Hwange National Park Facts
Facts, Video and Photos of Hwange
There can be few experiences on this earth so gratifying as to sit at one of Hwang’s viewing platforms by a waterhole, watching an endless procession of “Gods gifts” engaged in the timeless dance of survival
Hwangehas amongst the highest diversity of mammals of any National Park in the world with over 108 species and over 400 types of birds including 50 raptors
« A 482 km network of game viewing roads leads the visitor to some large concentrations of game and best of allnot too many other tourists.
« Hwange is one of Africa’s premier elephant strongholds. with lots and lots of elephants – 30,000 of them, but they need to drink water twice a day.
Hwange Park has little natural water and most of the water is pumped through boreholes into the pans and troughs
The park covers an area of 14,651km² (5,656 miles²) with an average altitude of 1,000m above sea level.
It is situated on the main Bulawayo to Victoria Falls road in the northwest corner of Zimbabwe and borders Botswana.
Hwange has 480 km of roads, and not many are well maintained, some also get boggy during the rainy season and are closed. It is wiser to take apackage tour into the park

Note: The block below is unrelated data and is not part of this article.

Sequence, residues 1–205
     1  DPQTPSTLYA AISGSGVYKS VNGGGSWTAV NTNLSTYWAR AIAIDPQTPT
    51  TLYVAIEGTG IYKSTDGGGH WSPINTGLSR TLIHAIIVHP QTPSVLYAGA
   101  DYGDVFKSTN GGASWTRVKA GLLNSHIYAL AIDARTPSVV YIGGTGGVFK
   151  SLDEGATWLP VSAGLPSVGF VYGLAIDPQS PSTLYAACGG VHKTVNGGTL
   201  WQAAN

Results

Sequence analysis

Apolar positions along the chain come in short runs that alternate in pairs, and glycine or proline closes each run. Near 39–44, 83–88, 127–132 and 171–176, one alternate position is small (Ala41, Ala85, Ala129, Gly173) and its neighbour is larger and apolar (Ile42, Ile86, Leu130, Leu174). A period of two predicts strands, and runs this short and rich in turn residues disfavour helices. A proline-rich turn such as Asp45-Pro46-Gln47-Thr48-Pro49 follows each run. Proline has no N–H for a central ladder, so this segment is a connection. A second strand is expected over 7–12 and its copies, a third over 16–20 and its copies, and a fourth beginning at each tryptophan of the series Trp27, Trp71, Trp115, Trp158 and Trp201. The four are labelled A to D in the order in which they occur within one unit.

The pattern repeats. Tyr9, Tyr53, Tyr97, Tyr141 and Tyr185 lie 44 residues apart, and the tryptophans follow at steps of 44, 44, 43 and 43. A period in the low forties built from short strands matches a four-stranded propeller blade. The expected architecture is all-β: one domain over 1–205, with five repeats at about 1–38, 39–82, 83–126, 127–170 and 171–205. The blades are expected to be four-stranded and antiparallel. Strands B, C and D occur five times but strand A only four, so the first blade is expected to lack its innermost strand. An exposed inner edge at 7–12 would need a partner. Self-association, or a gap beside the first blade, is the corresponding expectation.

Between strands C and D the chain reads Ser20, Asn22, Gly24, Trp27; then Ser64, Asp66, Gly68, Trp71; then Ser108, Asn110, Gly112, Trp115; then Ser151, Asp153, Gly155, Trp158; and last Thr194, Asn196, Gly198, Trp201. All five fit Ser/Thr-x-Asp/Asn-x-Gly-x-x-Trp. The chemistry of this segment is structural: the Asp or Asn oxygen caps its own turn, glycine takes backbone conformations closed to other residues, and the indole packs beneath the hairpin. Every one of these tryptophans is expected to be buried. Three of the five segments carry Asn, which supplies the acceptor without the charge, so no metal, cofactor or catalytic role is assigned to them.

There is no off-road or night driving in the National Park.- This is a malarial area.
Hwange has Africa’s Big Five and plenty of them! There are thousands of elephants and buffalo.
Lions are commonly seen, but the elusive leopard and rhino, rarely.
Wild dogs can be seen at the painted dog centre before the main gate.
This park has such a variety of animals that over one hundred different species have been recorded.
Dry season game-viewing is assisted by sixty man-made waterholes which give much needed water during the hot parched winter months when everything else dries up. Several waterholes have raised wooden hides in which you can spend many hours observing animals and the interactions between them.
400 species of birds are found here making it a bird watchers paradise, particularly in the wet season.
The largest is the ground dwelling Kori Bustard who will only take to the air if absolutely necessary.
Abundant food marks the start of the mating season andcrowned cranes
prance in a comical dance and crimson breasted shrikes sport their startling plumage
Several of Hwange’s safari lodges occupy a private concession and unlike the public park, night drives are allowed. Look out for the Springhare, who hops around like a small kangaroo.
Dry Season:FromApril to October. May to June is warm to hot (25 °C) during the day but can drop to below freezing on particularly cold winter nights.September and October are the hottest months. During these dry months the animals are concentrated around the man-made waterholes.
Rainy Season:Nov to March the summer rains arrive mainly in the form of afternoon thunderstorms and the vegetation bursts into life. The area has a relatively low average rainfall of between 570-650 mm per annum. Temperatures can reach over 38°C (100°F), while on average they range from 18-28°C (65-83°F).
Birdlife is most spectacular at this time.